de fontenay, by Tissot

Portrait of Eugène Coppens de Fontenay (1867), by James Tissot. Oil on canvas, 27 by 15 in. (68.58 by 38.10 cm). Philadelphia Museum of Art. (Photo:  Wiki)

James_Tissot_-_Captain_Frederick_Gustavus_Burnaby (2)The perfectly placed dry brush strokes that Tissot used to define the volume of Gus Burnaby’s black leather boots and give them their astonishing gleam in Captain Frederick Gustavus Burnaby (1870) are riveting when viewed at close range.

This painstakingly-detailed portrait was another private commission, this time from a friend in London, his home from mid-1871 to late 1882.

James_Tissot_-_Captain_Frederick_Gustavus_Burnaby

Captain Frederick Gustavus Burnaby (1870), by James Tissot. 19.5 by 23.5 in. (49.5 by 59.7 cm). National Portrait Gallery, London. (Photo: Wikipedia)

Autumn on the Thames, the-ath (2)

The seated woman’s flowing hair in Autumn on the Thames (1875) is one of the most enchanting details in Tissot’s work.  With the lightest of touches from his brush, he has made us feel the river breeze as it ripples through her ethereal locks.

Though the figures are highly finished and the palette is that of an Academician, note the looser style in which Tissot painted the water, grass and background landscape.

This picture was not exhibited in public.

Autumn on the Thames, the-ath

Autumn on the Thames, Nuneham Courtney, by James Tissot. 29 by 19 in. (73.66 by 48.26 cm).   Private Collection.  (Photo: Wikipaintings.org)

More in the style of his friends in Paris were two other paintings that Tissot did not exhibit, On the Thames, A Heron (c. 1871-72) [figure a] and The Fan (c. 1875) [figure b].  While the figures and their costumes are completed to a high finish and both are painted in a studio rather than en plein air, the landscape backgrounds are rendered in brisk, suggestive strokes, and there is a new sense of movement.  Click here to zoom in on Tissot’s brushwork in On the Thames, A Heron, and pay particular attention to the rippling water and the heron; also see A Closer Look at Tissot’s “The Fan”.

James_Tissot_-_On_the_Thames,_A_Heron_-_Google_Art_Project  b The Fan

Tissot remained, at heart, a painter in the Academic tradition; he was not an Impressionist, concerned with the shifting effect of natural light, vivid colors, and capturing the fleeting experiences of contemporary life as they did.  The Japanese influence in these two paintings is what makes them contemporary.  But as a Frenchman who had emigrated to England after the bloody Paris Commune [see Paris, June 1871], he hardly could have entered canvases painted in “the modern French style” to the annual exhibitions of the Royal Academy.

The Bunch of Lilacs (c. 1875), one of two paintings he exhibited at the Royal Academy that year, was more conservative.  Tissot conjures the reflection of a dense array of vegetation and Oriental accessories on a foreshortened grid of decorative tile.  His sure brush creates the ultimate polished floor as a stage for this carefree bird of paradise.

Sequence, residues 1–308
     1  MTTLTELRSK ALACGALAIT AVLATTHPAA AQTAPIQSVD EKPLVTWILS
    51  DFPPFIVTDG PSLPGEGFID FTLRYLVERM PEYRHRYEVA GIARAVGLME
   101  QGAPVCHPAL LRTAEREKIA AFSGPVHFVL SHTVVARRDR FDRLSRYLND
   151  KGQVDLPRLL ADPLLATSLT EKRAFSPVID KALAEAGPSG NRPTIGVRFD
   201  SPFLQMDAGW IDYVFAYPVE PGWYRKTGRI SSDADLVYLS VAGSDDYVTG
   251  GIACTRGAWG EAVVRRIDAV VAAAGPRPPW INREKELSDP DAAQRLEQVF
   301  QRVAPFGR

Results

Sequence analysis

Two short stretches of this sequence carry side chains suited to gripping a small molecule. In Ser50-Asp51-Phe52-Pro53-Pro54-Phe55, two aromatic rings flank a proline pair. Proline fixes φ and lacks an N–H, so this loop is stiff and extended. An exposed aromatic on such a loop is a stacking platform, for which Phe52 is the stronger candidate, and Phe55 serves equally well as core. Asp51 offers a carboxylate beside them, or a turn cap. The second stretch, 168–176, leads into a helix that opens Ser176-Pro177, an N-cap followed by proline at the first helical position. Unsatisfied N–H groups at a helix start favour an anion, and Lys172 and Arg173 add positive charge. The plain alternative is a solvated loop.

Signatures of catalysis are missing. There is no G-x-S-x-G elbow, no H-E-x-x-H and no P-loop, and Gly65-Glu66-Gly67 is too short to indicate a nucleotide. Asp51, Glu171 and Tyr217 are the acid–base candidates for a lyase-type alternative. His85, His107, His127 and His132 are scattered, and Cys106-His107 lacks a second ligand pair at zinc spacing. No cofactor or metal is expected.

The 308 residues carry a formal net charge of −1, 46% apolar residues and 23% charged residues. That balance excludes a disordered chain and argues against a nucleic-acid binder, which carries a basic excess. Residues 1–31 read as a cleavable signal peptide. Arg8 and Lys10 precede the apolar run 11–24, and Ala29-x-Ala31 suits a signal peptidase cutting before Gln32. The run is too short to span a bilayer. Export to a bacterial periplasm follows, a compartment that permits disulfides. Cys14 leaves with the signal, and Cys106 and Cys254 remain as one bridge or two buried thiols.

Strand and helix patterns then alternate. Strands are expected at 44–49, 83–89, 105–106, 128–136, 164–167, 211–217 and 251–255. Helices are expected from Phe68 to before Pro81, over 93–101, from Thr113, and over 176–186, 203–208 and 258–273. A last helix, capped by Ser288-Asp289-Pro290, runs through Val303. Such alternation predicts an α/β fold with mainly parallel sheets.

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The Bunch of Lilacs (c. 1875), by James Tissot. 21 by 15 in. (53.34 by 38.10 cm).  Private Collection.  Image courtesy of The Bridgeman Art Library for use in “The Hammock: A novel based on the true story of French painter James Tissot,” by Lucy Paquette © 2012

Hush! (The Concert, 1875), the second picture Tissot exhibited at the Royal Academy that year, also was highly finished.  Note how he painted the chandelier’s multitude of glittering, highly-defined crystal pendants quite differently when reflected in the mirror.

Hush - The Concert (2)

Hush - The Concert

Hush! (The Concert, 1875), by James Tissot. Oil on canvas; 29.02 by 44.17 in. (73.7 by 112.2 cm). Manchester Art Gallery, U.K. (Photo: Wikiart.org)

James_Tissot_-_Holyday (2)

Holyday (c. 1876) was one of several paintings Tissot exhibited in 1877 at the exclusive, innovative new Grosvenor Gallery, for which he eschewed his regular showings at the Royal Academy.

Tissot turned the dark shape of the pond into shining water by deft white strokes (as well as floating lily pads) defining the surface, and reflections of the man, woman, tree and cast-iron columns in the background implying its depth.  This treatment of the water, as well as the background of the picture space, is far more finished than that in Autumn on the Thames.  At the same time, Tissot now was, or was giving the impression of, painting en plein air.

James_Tissot_-_Holyday (1)

Holyday (c. 1876), by James Tissot. Oil on canvas, 30 by 39 1/8 in. (76.5 by 99.5 cm). Tate Britain.  (Photo: Wikimedia.org)

Gallery of HMS Calcutta, the-ath (3)Gallery of HMS Calcutta, the-ath (2)Tissot was masterful in his ability to paint the sheer fabrics of women’s attire.  The Gallery of HMS Calcutta (1877) was one of Tissot’s exhibits at the new Grosvenor Gallery.  In his review of this picture, the critic for The Spectator commented, “We would direct our readers’ attention to the painting of the flesh seen through the thin white muslin dresses, in this picture; manual dexterity could hardly achieve a greater triumph.”  Regardless of Tissot’s skill with the brush, that compliment followed the acerbic observation, “That the ladies are ‘Parisienne,’ dressed in the height of the prevailing fashion, goes without saying, for M. Tissot, though he paints in England, has a thorough Parisian’s contempt for English dress and beauty, and the only time he attempted to paint English girls (in his picture of the ball-room at the Academy [i.e. Too Early, 1873]), he made them all hideous alike.”  [See A Closer Look at Tissot’s “Too Early”.]